Educators Call on Legislators to Vote “No” on Sexual Assault Bills

This week numerous student affairs associations and victim’s advocates groups sent an open letter to all “Elected Leaders of the 50 United States,” urging them to vote down proposed state legislation that would require school officials to refer all reports of sexual violence to law enforcement, as well as bills providing enhanced legal rights to the accused, but not to victim/survivors, such as legal representation at conduct hearings, judicial review of decisions made in institutional proceedings, and recovery of money damages if the court rules in favor of the accused student.  This approach, it is argued, “ignores the balance set by the U.S. Supreme Court regarding the scope of accused students’ due process rights.” The letter also points out that mandatory reporting laws for sexual assault complaints conflict with federal laws that require schools to give victims the option not to report their sexual assault to local police. They also argue that such requirements could have a chilling effect on reports of sexual assault to school officials by victim/survivors who don’t want the police involved. The letter is signed by higher education professional organizations, state coalitions working to combat sexual violence, and national women’s and victims’ rights organizations, including NASPA, Know Your IX, and the Victim Rights Law Center.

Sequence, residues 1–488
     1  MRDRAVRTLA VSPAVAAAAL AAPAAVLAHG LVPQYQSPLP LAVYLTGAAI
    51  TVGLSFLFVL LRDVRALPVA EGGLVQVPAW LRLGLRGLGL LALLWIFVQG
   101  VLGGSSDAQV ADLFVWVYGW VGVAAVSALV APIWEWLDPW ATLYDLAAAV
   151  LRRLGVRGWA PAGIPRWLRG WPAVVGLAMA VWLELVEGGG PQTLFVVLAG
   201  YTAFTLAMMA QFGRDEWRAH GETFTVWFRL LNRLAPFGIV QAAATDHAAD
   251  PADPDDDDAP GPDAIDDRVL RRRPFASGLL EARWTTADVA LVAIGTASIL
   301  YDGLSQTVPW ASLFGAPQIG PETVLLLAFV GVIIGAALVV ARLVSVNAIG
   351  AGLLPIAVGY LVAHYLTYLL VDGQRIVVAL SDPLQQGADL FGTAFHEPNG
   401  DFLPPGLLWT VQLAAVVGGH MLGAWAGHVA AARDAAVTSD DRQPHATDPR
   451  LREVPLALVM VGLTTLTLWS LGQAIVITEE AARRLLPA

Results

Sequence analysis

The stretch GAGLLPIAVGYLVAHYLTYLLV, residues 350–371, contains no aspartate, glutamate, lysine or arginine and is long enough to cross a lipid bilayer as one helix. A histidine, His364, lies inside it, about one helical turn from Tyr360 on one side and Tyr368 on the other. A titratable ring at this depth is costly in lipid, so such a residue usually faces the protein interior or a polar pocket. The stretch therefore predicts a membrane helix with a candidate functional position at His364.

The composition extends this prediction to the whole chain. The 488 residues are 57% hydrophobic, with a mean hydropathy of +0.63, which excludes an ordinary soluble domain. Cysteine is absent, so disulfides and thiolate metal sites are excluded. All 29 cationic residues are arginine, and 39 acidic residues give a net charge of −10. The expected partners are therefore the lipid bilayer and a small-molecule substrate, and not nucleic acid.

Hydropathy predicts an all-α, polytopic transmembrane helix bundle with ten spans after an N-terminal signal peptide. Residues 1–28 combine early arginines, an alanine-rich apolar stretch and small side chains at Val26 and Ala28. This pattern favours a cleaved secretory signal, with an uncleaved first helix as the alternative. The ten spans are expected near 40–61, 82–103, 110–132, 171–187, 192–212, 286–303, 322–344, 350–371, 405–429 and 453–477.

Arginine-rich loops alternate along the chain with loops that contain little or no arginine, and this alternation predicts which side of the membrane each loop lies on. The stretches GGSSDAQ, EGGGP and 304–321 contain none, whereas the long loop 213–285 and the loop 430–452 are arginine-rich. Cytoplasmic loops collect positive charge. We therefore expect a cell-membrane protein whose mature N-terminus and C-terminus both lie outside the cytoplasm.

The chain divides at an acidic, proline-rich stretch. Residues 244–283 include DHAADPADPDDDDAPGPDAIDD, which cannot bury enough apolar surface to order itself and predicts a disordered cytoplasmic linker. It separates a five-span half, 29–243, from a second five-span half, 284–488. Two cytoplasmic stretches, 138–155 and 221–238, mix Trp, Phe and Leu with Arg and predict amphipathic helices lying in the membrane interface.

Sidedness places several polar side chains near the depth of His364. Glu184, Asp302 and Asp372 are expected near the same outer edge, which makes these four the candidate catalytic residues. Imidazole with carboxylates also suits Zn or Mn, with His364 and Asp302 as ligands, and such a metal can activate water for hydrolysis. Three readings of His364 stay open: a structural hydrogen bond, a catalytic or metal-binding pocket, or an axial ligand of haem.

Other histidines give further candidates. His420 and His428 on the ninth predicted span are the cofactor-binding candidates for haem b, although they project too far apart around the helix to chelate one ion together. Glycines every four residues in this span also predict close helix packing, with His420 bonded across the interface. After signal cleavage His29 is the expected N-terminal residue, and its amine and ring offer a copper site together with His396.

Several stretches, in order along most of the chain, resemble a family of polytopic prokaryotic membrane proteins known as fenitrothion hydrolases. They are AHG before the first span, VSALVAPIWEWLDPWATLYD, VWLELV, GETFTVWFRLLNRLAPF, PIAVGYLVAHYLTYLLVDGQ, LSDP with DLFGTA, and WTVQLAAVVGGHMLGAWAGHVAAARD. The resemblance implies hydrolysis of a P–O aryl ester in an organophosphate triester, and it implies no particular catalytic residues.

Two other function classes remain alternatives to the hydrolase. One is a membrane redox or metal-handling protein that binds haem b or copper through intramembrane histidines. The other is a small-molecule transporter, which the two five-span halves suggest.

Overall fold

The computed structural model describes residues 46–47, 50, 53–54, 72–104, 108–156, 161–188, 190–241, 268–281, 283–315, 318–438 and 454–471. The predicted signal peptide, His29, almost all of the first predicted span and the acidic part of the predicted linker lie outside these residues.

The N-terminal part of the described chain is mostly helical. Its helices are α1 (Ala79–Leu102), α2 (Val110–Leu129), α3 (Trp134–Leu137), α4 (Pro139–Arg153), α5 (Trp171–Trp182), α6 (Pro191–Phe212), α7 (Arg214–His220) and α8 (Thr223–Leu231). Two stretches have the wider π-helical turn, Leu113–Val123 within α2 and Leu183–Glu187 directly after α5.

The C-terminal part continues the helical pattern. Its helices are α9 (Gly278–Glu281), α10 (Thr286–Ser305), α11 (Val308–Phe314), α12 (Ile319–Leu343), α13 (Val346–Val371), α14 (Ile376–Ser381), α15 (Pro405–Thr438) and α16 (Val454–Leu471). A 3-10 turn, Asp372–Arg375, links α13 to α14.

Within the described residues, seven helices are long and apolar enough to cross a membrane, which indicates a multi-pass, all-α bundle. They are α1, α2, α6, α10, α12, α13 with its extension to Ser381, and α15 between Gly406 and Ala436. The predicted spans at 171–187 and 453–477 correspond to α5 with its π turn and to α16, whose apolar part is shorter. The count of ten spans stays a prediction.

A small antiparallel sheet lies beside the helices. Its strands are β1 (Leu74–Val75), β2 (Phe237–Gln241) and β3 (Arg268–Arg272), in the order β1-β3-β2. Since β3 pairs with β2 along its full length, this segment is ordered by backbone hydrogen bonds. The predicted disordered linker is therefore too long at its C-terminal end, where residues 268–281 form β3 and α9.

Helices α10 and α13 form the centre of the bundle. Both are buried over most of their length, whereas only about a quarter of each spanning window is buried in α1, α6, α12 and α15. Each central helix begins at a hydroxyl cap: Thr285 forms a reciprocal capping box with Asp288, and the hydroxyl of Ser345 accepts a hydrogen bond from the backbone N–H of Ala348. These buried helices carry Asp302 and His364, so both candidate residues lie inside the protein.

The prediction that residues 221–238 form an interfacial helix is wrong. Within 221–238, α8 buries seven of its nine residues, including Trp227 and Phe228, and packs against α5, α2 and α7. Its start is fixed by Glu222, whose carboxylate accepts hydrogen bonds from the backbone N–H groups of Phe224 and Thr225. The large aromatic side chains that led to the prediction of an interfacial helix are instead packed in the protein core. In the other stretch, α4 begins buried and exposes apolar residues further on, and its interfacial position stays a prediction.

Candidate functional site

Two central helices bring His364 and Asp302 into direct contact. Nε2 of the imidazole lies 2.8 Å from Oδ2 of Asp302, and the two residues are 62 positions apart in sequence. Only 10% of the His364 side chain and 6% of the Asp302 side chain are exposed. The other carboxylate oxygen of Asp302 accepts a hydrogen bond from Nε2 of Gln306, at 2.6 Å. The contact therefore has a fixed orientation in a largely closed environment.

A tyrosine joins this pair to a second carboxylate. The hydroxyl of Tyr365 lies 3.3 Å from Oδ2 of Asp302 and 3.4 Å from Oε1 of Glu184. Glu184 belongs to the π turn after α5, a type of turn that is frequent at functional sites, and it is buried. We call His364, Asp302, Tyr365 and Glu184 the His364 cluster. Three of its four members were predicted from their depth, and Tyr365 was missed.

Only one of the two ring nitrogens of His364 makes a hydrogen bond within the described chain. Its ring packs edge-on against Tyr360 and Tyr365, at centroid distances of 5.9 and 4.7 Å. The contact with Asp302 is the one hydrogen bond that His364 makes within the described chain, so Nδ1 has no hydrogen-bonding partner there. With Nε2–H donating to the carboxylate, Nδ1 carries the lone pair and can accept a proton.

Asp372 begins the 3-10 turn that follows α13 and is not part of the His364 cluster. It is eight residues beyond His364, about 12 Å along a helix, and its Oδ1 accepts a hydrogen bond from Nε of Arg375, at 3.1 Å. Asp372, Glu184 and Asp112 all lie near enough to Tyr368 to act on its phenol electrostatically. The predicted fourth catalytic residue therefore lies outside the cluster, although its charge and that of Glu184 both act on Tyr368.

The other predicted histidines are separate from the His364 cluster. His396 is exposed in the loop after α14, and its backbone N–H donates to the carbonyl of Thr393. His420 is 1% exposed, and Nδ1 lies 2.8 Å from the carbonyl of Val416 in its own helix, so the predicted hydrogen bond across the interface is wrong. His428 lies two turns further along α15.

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Weekly Roundup
Posted by On Friday, November 7, 2014

For this week’s roundup the emphasis is on research and writing to inform reporting on and the handling of campus sexual assault cases. We spotlight a new initiative from Newsweek to cover sexual assault as well as helpful resources for anyone working on these complex issues whether from a distance or on the ground.

Newsweek to Crowdfund Reporting on College Sexual Assault

Newsweek is partnering with crowdfunding platform Beacon and journalist Mandy Van Deven to support “Understanding the College Rape Crisis,” a long-term investigative journalism project that will see Van Deven embedded at various schools, conducting numerous interviews, and publishing regular updates as well as longer, more in-depth reports. Van Deven says, “My coverage will try to strip away the sensationalism and focus on the nuts and bolts of what it takes to be responsible for the well-being of thousands of young people.” Having covered numerous similar stories, published a book on gender-based violence and human rights, and worked as a peer reviewer for Feminist Studies, Van Deven appears to be well-equipped to work on a project of this scope on this particular subject. As noted in the Newsweek article linked to above, crowdfunding this project reflects a growing trend in journalism that has successfully funded a variety of other similar projects “where editorial mission and public interest align.”

Sexual Violence Research Roundup